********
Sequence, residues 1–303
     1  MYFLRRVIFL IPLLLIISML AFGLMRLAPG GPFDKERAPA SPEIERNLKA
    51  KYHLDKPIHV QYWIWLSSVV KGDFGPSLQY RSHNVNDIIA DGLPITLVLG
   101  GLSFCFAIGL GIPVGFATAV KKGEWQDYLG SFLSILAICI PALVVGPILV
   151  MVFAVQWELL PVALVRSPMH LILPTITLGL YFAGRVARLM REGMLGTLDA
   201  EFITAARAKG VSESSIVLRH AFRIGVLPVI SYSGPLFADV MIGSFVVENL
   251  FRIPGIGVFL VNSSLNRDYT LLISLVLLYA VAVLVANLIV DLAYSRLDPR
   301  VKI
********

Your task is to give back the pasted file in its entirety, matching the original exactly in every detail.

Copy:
Sequence, residues 1–303
     1  MYFLRRVIFL IPLLLIISML AFGLMRLAPG GPFDKERAPA SPEIERNLKA
    51  KYHLDKPIHV QYWIWLSSVV KGDFGPSLQY RSHNVNDIIA DGLPITLVLG
   101  GLSFCFAIGL GIPVGFATAV KKGEWQDYLG SFLSILAICI PALVVGPILV
   151  MVFAVQWELL PVALVRSPMH LILPTITLGL YFAGRVARLM REGMLGTLDA
   201  EFITAARAKG VSESSIVLRH AFRIGVLPVI SYSGPLFADV MIGSFVVENL
   251  FRIPGIGVFL VNSSLNRDYT LLISLVLLYA VAVLVANLIV DLAYSRLDPR
   301  VKI